New Hope for Endangered Dolphins

02 July, 2024

The endangered irrawaddy dolphin species has increased to over 100 in Cambodia, according to the country’s Minister of Agriculture, Dith Tina.

The Irrawaddy dolphin has long been on the brink of extinction, and according to the World Wildlife Fund (WWF), around 2016 there were only 80 individuals left, largely due to illegal fishing and environmental degradation in the form of plastics that somehow end up in the water.

“Right now, we have about 105 dolphins,” says Dith Tina, who says the authorities have been taking steps to protect the species for some time, including cracking down on poaching.

Irrawaddy dolphins are small, shy creatures with arched foreheads that once inhabited large parts of the Mekong Delta.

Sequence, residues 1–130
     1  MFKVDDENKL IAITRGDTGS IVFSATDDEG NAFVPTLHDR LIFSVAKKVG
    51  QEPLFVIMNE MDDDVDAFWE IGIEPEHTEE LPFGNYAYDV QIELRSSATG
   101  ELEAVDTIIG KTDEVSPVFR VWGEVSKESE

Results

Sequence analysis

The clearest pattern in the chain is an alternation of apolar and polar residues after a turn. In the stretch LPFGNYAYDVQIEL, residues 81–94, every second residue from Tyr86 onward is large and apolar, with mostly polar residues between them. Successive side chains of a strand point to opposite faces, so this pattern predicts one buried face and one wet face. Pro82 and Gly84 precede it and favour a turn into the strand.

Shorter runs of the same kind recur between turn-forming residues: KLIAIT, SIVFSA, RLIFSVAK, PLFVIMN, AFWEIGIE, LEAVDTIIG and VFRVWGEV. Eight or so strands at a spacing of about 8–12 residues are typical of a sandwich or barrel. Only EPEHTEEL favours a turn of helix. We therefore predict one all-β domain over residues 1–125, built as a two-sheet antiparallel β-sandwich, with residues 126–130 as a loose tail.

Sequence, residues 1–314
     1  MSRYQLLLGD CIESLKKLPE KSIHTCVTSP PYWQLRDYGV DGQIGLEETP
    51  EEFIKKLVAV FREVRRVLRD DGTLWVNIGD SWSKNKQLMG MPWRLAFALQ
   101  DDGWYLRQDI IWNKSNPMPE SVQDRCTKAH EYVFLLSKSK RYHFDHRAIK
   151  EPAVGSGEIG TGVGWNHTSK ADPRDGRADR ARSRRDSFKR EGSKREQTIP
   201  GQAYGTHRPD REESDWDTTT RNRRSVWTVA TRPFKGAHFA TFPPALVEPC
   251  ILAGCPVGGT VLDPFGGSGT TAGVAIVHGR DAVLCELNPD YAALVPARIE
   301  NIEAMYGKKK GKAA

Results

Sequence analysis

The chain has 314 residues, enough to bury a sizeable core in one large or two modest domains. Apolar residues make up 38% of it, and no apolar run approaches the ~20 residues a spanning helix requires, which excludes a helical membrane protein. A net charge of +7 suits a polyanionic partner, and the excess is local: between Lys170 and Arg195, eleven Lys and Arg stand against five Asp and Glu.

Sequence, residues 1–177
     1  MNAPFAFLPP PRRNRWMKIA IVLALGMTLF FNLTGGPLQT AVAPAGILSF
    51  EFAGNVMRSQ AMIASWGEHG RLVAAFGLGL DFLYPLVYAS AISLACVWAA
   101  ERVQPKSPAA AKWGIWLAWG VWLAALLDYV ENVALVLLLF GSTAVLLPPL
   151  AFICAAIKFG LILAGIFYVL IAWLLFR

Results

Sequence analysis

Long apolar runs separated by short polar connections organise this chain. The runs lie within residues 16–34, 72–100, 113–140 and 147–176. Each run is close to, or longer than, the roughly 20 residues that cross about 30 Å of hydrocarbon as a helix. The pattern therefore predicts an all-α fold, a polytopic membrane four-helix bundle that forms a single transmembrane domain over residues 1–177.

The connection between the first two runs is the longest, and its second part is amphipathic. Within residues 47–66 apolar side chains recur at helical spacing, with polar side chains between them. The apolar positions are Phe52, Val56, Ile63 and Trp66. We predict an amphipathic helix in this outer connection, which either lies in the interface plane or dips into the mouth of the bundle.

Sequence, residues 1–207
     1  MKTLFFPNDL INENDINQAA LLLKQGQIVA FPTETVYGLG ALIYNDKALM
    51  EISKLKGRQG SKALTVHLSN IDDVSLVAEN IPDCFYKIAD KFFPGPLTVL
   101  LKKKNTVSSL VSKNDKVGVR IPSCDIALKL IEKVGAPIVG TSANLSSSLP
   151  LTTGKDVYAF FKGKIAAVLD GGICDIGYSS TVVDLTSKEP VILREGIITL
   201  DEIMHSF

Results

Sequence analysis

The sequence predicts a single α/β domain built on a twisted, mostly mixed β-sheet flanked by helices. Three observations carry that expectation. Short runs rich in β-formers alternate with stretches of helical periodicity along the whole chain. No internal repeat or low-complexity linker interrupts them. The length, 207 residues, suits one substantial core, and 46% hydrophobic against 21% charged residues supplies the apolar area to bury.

In the first six months of the year, eight baby dolphins were born, but two of them have since died.

Text: TT/Nyhetsbyrån
Photo: Sakchai Lalit/AP

Related articles

New discoveries open unknown nursery for the Baltic Sea’s most important predatory fish – Ålandstorsken …
Report: Peter Löfgren
Photo: Simon Stanford
Photo: Leif Eiranson
Header image: Tryggve Karlsen/NTB Scanpix/TT
The Faroe Islands will limit the number of dolphins that can be slaughtered, after the traditional hunting has been heavily criticised. Now no more than 500 white-sided dolphins may be killed per year…
Text: TT
Photo: Andrija ILIC/AFP/TT
For thousands of years there have been porpoises in the Baltic Sea – a shy dolphin-like whale. But due to environmental toxins and fishing, their numbers have declined sharply since the mid-20th century. The harbour porpoise population in the Baltic Sea is currently classified as critically endangered. The question is, is it too late to save the porpoise?…
Reportage: Martin Widman and Björn Hagberg
Header image: Martin Almqvist
Porpoise video: Jens Peder Jeppesen, Öresundsarkivet
Header image: Martin Almqvist
Scroll to Top